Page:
Inside the Briefcase

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As the Network Changes, Engineers Are Embracing the DevOps Model

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IT Briefcase Exclusive Interview: As Container Adoption Swells, So Do Security Concerns

Fei Huang, NeuVector
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Social Software, Feature or Product?

October 24, 2011 No Comments

We have this debate running about social software and whether it’s, for the most part anyway, a set of features that should be embedded in other products / platforms, or long term stand-a-lone products. The evolution of new applications can take a few different paths but there seems to be a pattern of sorts. It goes like this, some one sees a business need (or opportunity to create awareness of a need) and builds some software to address that need.

Others see the need and either 1. copy the feature set as their own product, 2. create a competing but different product or 3. extend an existing product to meet the business need. All of these can exist simultaneously but if the product in #3 has a strong market following already it often spells the death of #1 and #2 (death by acquisition, or by changing direction, or by going out of business).Once the product exists there are a few ways that the story plays out:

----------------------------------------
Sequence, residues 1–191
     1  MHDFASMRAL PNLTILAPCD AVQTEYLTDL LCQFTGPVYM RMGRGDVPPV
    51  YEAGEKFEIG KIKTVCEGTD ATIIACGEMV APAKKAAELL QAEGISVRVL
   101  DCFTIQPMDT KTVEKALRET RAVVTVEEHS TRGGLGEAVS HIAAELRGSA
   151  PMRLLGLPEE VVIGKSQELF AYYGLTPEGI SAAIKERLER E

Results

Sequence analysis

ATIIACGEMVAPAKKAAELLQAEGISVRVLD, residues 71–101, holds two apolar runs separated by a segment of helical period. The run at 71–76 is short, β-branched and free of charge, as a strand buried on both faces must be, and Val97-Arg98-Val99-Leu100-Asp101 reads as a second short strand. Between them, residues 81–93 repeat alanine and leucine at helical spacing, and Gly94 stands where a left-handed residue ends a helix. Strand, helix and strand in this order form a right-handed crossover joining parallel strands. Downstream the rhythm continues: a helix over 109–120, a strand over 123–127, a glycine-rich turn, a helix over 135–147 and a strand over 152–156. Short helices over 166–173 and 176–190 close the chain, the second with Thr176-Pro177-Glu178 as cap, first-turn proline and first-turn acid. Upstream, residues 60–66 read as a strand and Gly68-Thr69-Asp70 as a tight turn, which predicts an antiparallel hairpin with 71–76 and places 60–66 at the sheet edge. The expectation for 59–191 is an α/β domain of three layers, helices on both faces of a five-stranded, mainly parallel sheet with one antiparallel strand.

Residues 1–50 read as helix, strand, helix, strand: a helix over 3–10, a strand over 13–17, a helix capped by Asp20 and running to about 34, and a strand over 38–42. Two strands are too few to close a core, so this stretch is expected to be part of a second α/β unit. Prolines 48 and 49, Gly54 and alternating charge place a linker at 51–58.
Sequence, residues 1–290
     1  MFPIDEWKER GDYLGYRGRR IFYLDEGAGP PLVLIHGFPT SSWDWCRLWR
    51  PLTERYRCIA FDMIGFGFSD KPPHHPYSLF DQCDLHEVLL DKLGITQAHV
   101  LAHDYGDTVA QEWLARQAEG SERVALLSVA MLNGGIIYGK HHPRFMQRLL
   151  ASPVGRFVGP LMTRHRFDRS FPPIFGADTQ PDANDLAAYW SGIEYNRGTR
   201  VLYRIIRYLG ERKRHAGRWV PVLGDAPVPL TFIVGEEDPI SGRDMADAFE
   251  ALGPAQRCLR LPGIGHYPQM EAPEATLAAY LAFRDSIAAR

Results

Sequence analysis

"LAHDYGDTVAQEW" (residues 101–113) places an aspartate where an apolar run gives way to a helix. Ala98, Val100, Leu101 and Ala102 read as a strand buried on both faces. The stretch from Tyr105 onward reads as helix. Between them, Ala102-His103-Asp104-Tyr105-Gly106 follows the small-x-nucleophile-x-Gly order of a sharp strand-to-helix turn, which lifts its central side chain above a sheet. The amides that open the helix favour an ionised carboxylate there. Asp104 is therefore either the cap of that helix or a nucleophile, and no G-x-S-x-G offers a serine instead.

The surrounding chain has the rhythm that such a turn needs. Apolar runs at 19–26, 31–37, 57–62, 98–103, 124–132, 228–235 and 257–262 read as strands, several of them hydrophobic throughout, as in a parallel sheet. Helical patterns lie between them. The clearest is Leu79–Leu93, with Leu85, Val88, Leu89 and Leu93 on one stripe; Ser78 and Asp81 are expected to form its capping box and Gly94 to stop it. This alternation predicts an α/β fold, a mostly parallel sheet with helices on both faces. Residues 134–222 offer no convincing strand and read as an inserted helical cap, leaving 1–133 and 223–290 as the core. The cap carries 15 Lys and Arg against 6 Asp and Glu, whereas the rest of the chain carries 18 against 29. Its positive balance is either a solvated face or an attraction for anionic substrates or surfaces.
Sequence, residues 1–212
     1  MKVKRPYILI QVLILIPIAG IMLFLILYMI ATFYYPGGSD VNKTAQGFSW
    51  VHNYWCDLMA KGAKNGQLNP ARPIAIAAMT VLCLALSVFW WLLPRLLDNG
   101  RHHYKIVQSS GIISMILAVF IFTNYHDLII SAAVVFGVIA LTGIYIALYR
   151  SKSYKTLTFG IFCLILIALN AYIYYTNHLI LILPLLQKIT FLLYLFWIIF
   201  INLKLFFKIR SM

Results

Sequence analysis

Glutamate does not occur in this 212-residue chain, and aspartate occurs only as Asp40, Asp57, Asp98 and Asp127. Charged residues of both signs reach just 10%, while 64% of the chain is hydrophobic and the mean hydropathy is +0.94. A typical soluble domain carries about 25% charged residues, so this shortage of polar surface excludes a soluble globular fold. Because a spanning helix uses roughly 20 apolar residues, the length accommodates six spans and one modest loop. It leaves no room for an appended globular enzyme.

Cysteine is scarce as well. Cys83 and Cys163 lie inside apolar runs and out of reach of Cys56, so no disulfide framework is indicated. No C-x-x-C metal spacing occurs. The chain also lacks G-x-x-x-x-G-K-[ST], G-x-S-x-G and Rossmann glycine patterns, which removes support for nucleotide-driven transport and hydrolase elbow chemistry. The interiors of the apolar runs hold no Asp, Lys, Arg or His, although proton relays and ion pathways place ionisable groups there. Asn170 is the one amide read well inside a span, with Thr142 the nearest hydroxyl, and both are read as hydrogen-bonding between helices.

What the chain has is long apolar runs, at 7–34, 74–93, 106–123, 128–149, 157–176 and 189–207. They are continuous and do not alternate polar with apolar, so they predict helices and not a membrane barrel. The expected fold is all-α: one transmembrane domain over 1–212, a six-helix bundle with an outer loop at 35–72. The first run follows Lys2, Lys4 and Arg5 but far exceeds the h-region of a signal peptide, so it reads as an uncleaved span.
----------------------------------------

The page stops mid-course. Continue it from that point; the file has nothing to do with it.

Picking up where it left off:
• The product has unique value and develops a rich feature set that defines the new market – survives as a stand-a-lone product and market
  • The product has value but is not unique enough to survive on its own, thus it becomes a feature of some other product.
  • The product and feature set are unique and the foundation for a new approach to solving some business problems, becoming a next generation platform (and probably pulls in a few other features / products as well)

Read More of Micheal Fauscette’s Blog Post on Enterprise Irregulars

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